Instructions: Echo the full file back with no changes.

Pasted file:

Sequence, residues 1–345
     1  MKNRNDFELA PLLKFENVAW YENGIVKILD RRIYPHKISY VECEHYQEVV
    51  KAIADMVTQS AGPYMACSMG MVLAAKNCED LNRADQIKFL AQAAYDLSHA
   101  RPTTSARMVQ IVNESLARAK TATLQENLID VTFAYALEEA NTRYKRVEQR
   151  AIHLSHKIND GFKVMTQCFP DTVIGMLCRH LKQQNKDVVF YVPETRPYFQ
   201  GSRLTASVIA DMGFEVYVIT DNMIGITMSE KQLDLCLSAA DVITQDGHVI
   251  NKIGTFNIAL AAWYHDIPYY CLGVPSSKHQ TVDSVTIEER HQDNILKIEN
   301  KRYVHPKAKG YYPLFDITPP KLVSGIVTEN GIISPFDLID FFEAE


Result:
Sequence, residues 1–345
     1  MKNRNDFELA PLLKFENVAW YENGIVKILD RRIYPHKISY VECEHYQEVV
    51  KAIADMVTQS AGPYMACSMG MVLAAKNCED LNRADQIKFL AQAAYDLSHA
   101  RPTTSARMVQ IVNESLARAK TATLQENLID VTFAYALEEA NTRYKRVEQR
   151  AIHLSHKIND GFKVMTQCFP DTVIGMLCRH LKQQNKDVVF YVPETRPYFQ
   201  GSRLTASVIA DMGFEVYVIT DNMIGITMSE KQLDLCLSAA DVITQDGHVI
   251  NKIGTFNIAL AAWYHDIPYY CLGVPSSKHQ TVDSVTIEER HQDNILKIEN
   301  KRYVHPKAKG YYPLFDITPP KLVSGIVTEN GIISPFDLID FFEAE